|END = 23||73.1
|Non-END = 276||Non-END|
|29||Saqqur et al. 2007. Canada ||T = 374||END||A retrospective study||IVT||M1, M2, ICA, BA||Within 3 h||9|
|END = 44||66.1
|Non-END = 330||Non-END|
|T = 374||68.8
Fig. 2 shows the pooled overall incidence of END following reperfusion therapy in AIS patients was 14% (95% CI, 12%–15%). In the subgroup analysis, the incidence of END occurring after IVT was 13% (95% CI, 11%–14%), and was 17% after EVT (95% CI, 11%–23%).
Forest plot of pooled incidence of END with random-effect method in AIS patients underwent reperfusion therapy (IVT and/or EVT). END indicates early neurological deterioration; IVT indicates intravenous thrombolysis; and EVT indicates endovascular therapy.
The following risk factors of END in AIS patients after reperfusion therapies were evaluated: age, initial NIHSS, systolic blood pressure (SBP), glucose level at admission, OTT, ASPECT, history of hypertension, diabetes mellitus (DM), arterial fibrillation (AF), stroke subtype by TOAST criteria (large artery atherosclerosis, cardioembolism, others or unknown), occlusion site, and successful recanalization (SR).
For all included studies, the meta-analysis showed that higher age (Effect, overall: 0.16, 95% CI: 0.09–0.23), SBP (Effect, overall: 0.25, 95% CI: 0.14–0.37), glucose level at admission (Effect, overall: 0.44, 95% CI: 0.32–0.57), OTT (RR, overall: 0.07, 95% CI: 0.00–0.13), history of hypertension (RR, overall: 1.29; 95% CI: 1.17–1.42), DM (RR, overall: 1.37; 95% CI: 1.18–1.60) were significantly associated with END after reperfusion therapies (Figs. 3,4).
Forest Plots of (A) Age; (B) Initial NIHSS; (C) Systolic blood pressure; (D) Serum glucose; (E) Onset to treatment time; (F) ASPECT score. NIHSS indicates National Institutes of Health Stroke Scale; ASPECT indicates Alberta Stroke Early CT score. IVT indicates intravenous thrombolysis, and EVT indicates endovascular therapy. The solid squares denote the standardized mean differences (Effects), the horizontal lines represent the 95% confidence intervals (CIs), and the diamonds denote the pooled effect size.
Forest plots of (A) Hypertension; (B) Diabetes mellitus; (C) Etiology atherosclerosis; (D) Atrial fibrillation; (E) Lesion location; (F) Successful recanalization; (G) Lesion location_IVT; (H) Lesion location_EVT. IVT indicates intravenous thrombolysis, and EVT indicates endovascular therapy. The solid squares denote the risk ratios (RRs), the horizontal lines represent the 95% confidence intervals (CIs), and the diamonds denote the pooled RRs.
Analysis of the pooled data from studies on END following IVT demonstrated that higher age (Effect: 0.14, 95% CI: 0.06–0.22), SBP (Effect 0.24, 95% CI: 0.09–0.39), glucose level at admission (Effect 0.41, 95% CI: 0.28–0.54), OTT (Effect 0.07, 95% CI: 0.00–0.13), history of hypertension (Effect 1.33; 95% CI: 1.24–1.42), DM (Effect 1.37; 95% CI: 1.15–1.63), AF (Effect 1.20; 95% CI: 1.10–1.31), large artery atherosclerosis (Effect 1.18; 95% CI: 1.01–1.39), internal carotid artery occlusion (Effect 3.97; 95% CI: 1.51–10.43), middle cerebral artery M2 occlusion (Effect 0.34; 95% CI: 0.21–0.57) and bridging therapy (Effect 1.51; 95% CI: 1.18–1.94) were significantly associated with END after IVT (Figs. 3,4).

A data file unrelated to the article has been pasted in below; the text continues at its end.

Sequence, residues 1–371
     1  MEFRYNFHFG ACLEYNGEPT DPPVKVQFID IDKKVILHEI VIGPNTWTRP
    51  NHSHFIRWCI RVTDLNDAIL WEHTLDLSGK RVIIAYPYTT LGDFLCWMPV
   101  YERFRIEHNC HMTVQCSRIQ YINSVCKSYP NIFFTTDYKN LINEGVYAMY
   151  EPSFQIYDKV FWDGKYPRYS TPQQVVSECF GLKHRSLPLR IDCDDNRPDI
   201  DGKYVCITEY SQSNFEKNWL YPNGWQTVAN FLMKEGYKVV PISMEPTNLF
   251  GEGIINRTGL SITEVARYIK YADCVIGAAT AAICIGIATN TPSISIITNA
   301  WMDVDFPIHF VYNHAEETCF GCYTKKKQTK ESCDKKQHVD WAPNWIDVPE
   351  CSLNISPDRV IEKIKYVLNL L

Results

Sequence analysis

For studies focusing on END after EVT, four risk factors including SBP (Effect 0.30, 95% CI: 0.19–0.40), history of hypertension (RR 1.48; 95% CI: 1.09–2.02), internal carotid artery occlusion (RR 2.13; 95% CI: 1.67–1.72), and middle cerebral artery M1 occlusion (Effect 0.60; 95% CI: 0.45–0.80) were found to be significantly associated with END (Figs. 3,4).
We noted that the risk of dependency or death (modified Rankin Score
We detected the publication bias by combining visual funnel plots inspection
with the symmetry distributions and the quantitative analysis of Egger’s test and
Peters test (p
Considering the high heterogeneity emerged at predictors of initial NIHSS, SBP, etiology of atherosclerosis, serum glucose, ASPECT, location of intracranial occlusion_IVT, and successful recanalization (Figs. 3,4), a sensitivity analysis was performed to detect which study resulted in such high heterogeneity. No high risk of bias for the studies were identified the other predictors [22, 26]. All the aforementioned results are shown in Supplementary Fig. 4.
The main findings from this meta-analysis focused on investigating the predictors of END occurrence in AIS patients who receiving reperfusion treatments. Elderly, systolic blood pressure, glucose levels at admission, treatment onset, history of previous diseases (i.e., hypertension, diabetes mellitus, arterial fibrillation), internal carotid artery occlusion, and middle cerebral artery M2 occlusion significant associated with END in AIS patients who experienced overall reperfusion therapy. In addition, elderly, SBP, glucose level at admission, OTT, history of hypertension, DM, AF, large artery atherosclerosis, internal carotid artery occlusion, middle cerebral artery M2 occlusion and bridging therapy associated with END in patients who experienced IVT, and four risk factors including SBP, history of hypertension and internal carotid artery occlusion were found to be related with END in patients witnessed EVT.
The definition of END was not clear in existing studies because of the degree of
symptom worsening and the time frame of the deterioration. Some literature
adopted an increase of